For example, if a 1.0 library could simply add a .properties file and
the common code didn't have to be in src then simple 1.5 libraries
could still work on 1.0 but 1.5 could get and use the additional information
from the .properties file.

OR as an alternative (and I mentioned this earlier as well),
the IDE/library manager should maintain its ".properties" stuff separately from what
may be provided by the library. So the IDE takes some information
from the library and uses it to install the library in the IDE.
Or another option for importing/installing the pre 1.5 library files would be the query the user
for the information and create the needed IDE ".properties"  stuff during
the install process.

I think many things are possible and I'll be happy to participate in the process
of coming up with solutions.
I also think that there are several others that have responded in this thread
that have an interest in participating to come up with something better.

The key is coming up with a list of wants & needs for this type of capability.
And people need to be very clear at understanding the difference between
their true needs and their wants.
Once there is discussion and a exchange of these ideas, it becomes much
easier to decide on the how to proceed: Try to cover all the needs first,
then try to integrate as many of the wants as you can given the
timing and resources available.

--- bill


bperrybap

#64
Oct 23, 2013, 06:55 pm Last Edit: Oct 23, 2013, 07:04 pm by bperrybap Reason: 1
Cool,
Just noticed the post about the developers thread.
We can all continue over there.

EDIT:
I do have a bit of an off topic question:
Why use Google Groups? Why not have the discussion over here on the Arduino Forum?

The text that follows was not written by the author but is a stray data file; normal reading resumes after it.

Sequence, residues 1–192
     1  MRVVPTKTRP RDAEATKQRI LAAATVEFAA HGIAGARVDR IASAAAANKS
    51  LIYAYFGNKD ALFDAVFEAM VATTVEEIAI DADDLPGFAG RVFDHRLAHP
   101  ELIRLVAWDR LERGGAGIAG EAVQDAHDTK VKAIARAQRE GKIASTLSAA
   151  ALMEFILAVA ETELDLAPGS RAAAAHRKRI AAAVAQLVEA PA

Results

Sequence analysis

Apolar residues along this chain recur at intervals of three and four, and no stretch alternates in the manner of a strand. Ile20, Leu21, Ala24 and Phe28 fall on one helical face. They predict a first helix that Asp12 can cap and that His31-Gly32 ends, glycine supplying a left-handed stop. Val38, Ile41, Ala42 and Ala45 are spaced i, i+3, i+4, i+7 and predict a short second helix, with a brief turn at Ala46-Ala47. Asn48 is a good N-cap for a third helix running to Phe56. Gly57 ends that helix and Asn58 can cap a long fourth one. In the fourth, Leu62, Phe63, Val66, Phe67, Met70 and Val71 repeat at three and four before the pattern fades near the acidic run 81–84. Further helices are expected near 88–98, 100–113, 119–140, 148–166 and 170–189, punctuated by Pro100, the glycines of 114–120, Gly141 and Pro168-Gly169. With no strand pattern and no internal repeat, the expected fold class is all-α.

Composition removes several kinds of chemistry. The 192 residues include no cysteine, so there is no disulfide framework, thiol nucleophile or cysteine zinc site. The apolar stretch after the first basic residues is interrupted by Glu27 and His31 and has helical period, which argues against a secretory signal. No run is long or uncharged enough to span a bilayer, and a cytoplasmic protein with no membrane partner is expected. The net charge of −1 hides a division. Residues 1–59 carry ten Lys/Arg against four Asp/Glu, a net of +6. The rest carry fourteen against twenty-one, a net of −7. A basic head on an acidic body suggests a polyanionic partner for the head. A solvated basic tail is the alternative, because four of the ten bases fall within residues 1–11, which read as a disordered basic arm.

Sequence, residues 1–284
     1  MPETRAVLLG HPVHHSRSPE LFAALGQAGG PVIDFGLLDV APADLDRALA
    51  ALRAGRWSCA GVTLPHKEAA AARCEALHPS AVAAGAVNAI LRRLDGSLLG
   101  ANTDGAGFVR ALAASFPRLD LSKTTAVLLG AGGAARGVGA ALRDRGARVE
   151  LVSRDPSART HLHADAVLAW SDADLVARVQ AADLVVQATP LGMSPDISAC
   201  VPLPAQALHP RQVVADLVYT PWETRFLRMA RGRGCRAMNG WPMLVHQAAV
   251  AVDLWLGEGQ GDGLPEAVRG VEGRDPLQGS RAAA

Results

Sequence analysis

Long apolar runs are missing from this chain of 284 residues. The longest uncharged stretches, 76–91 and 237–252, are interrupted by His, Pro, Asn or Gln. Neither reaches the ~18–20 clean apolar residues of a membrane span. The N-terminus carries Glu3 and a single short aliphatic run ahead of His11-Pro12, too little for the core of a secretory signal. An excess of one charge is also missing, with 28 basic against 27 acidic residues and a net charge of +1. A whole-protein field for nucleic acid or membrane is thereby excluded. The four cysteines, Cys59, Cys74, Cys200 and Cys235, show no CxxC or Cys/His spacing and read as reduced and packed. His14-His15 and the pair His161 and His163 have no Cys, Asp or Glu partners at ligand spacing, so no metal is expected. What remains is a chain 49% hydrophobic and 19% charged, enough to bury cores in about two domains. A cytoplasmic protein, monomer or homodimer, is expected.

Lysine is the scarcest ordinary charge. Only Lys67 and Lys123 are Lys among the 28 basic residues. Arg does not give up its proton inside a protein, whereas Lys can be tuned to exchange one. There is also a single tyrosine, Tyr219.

--- bill

avenue33


Guys,

Since you're requesting it, let's go talking about the library specification on the developers mailing list.
To let everyone subscribe on the developers list I'll start a new thread about that in a day or two.

Here the link to subscribe:

https://groups.google.com/a/arduino.cc/forum/#!forum/developers


Ok, initial post awaiting approval.

pjrc

#66
Oct 23, 2013, 07:45 pm Last Edit: Oct 23, 2013, 07:49 pm by Paul Stoffregen Reason: 1
Maybe the goals & purpose of this library spec aren't clear?

Bill's been talking a lot about whether the IDE offers incompatible libraries and examples.  But I can't find any mention of that actually being an intended goal.  If the metadata is going to be used to filter what libraries, examples and other options are offered to users, I can't find anything written about how that's supposed to work.

The spec does talk about 2 goals: #1: facilitating a library manager that automatically downloads libraries from a central server, and #2: supporting multiple architectures.


Regarding multi-arch support, I must agree with Bill, requiring a directory structure that isn't compatible with 1.0.X is obviously going to lead to very slow adoption of this spec.  As the author of several libraries and the current maintainer of several more, it's pretty easy to choose between publishing in a format that works on all widely used Arduino IDEs, versus a format that only works on the newest.

Cristian, I'm really glad you said this:

Quote

First I want to reassure you that if you want to stick to the 1.0 lib format, you can safely do that, we are not going to remove old library support. We already discussed that (in a google issue maybe? I can't remember), so I don't know why you're so concerned about that yet.


I'd like to point out some language near the end of the spec, which might be the source of concern:

Quote

At some point in the future, the IDE will drop pre-1.5 library support. There is no specific timeline for this, it will be determined once the new library format has become widespread.


Maybe this part of the spec should be updated, if you're really committed to keeping the old format supported?

Jantje

Whether it is off-topic or not (I think it is on topic). but:

I do have a bit of an off topic question:
Why use Google Groups? Why not have the discussion over here on the Arduino Forum?



Actually, I didn't know there was a developer site for Arduino on Google, as the code is hosted at GitHub and the forum is here. Quite confusing!


I knew about the developers list but I was not aware you could reread the list on google. To me mailing lists are terrible for discussions.
It seems the new web site does mention the google groups where the old one only mentioned the mailing list.
So you are not the only one asking the question.